A key part of the oilfield scale management toolbox is the ability to determine the concentration of residual scale inhibitors and scaling ions in produced waters. This data is essential to providing correct recommendations for how to manage and inhibit scale in a particular system, as well as monitoring the efficacy of scale management processes already in place.

The progression of analytical techniques over the last two decades has provided enhanced methods for accurate detection of ions and scale inhibitors to low limits of detection, however, correct detection of analytes present in a sample in the laboratory does not necessarily equal characterisation of the analytes in-system as they were present at the point of sampling.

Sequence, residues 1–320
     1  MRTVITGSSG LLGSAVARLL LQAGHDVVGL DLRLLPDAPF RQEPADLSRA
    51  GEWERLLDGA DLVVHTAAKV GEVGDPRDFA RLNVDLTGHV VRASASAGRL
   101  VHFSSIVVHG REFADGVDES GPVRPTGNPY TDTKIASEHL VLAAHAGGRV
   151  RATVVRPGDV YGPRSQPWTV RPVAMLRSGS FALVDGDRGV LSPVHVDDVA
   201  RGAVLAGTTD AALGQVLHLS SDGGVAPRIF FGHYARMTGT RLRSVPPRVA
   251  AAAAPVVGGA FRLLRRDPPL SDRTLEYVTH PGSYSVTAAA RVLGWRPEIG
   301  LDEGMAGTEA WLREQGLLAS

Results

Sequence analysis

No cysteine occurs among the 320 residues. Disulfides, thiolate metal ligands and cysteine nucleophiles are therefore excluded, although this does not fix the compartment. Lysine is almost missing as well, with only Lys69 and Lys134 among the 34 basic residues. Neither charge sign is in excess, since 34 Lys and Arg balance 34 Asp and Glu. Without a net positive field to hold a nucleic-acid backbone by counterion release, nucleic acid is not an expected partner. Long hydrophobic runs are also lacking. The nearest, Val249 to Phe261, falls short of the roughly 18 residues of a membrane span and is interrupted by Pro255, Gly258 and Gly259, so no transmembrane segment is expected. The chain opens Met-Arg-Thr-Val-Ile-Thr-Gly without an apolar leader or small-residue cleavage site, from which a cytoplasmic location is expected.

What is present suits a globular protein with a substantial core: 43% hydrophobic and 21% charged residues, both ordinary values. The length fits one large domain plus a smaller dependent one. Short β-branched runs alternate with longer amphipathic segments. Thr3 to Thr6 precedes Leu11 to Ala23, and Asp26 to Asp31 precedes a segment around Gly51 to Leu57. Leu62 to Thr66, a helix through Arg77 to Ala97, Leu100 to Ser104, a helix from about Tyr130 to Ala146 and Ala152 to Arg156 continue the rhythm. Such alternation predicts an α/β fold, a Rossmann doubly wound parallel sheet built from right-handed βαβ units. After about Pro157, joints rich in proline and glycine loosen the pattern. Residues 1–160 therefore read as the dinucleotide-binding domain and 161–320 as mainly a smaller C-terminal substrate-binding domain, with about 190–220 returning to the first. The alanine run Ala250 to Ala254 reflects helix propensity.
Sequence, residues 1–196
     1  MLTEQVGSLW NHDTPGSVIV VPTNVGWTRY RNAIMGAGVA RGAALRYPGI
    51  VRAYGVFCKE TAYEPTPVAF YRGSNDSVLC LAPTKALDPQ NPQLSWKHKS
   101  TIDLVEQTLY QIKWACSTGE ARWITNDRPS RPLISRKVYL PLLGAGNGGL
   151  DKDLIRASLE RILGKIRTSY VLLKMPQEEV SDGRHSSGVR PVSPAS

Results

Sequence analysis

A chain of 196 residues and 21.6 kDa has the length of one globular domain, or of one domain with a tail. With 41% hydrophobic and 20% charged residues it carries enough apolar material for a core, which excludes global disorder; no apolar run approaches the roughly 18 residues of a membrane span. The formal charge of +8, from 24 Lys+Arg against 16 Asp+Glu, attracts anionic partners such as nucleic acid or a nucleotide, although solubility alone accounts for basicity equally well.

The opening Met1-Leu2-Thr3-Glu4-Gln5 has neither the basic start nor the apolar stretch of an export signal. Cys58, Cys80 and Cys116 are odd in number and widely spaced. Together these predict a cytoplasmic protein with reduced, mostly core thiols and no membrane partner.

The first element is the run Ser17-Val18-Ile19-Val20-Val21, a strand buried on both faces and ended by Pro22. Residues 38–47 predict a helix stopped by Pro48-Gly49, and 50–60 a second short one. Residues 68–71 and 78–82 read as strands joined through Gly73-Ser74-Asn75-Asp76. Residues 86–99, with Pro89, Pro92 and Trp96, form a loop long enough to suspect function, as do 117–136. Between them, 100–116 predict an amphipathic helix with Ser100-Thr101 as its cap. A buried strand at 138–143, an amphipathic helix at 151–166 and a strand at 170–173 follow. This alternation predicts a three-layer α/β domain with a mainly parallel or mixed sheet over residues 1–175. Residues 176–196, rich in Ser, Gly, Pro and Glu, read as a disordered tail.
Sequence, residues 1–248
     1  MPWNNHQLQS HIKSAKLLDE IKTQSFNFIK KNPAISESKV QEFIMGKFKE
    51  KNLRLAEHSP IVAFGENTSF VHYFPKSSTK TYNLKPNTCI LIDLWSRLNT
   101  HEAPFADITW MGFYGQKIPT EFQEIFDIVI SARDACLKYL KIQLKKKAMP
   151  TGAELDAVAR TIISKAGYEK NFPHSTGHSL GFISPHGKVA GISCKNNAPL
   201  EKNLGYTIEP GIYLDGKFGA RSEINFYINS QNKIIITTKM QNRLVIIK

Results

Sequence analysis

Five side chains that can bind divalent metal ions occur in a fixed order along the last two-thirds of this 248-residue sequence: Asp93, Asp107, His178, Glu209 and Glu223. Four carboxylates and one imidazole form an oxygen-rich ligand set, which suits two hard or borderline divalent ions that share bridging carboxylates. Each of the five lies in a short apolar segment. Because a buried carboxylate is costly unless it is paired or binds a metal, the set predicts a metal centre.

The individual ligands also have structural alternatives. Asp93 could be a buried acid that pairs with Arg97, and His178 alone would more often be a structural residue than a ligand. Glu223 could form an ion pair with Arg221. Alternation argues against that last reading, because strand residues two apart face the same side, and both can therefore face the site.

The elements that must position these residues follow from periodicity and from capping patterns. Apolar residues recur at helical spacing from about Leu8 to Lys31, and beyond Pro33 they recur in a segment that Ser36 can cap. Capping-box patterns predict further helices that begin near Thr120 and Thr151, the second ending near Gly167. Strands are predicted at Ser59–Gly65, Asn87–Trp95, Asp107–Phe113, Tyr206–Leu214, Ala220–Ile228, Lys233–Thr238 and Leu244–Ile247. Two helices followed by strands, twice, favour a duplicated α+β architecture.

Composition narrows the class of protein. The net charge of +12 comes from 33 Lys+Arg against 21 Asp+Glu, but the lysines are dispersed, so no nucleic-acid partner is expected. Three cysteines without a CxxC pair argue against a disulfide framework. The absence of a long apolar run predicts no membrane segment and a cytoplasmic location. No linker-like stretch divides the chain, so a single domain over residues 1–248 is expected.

The collation of a range of preservation techniques, each appropriate to a different group of analytes, forms the basis of this paper. The results of several field applications of incorrect sample preservation are outlined and the alternative preservation technique used to correct the analysis will be detailed.

The implication of using the correct preservation technique will be clearly shown to have an impact on scale management where it would lead to reduction of over treatment, leading to increased revenue, whilst also eliminating incorrectly scheduled early well interventions.

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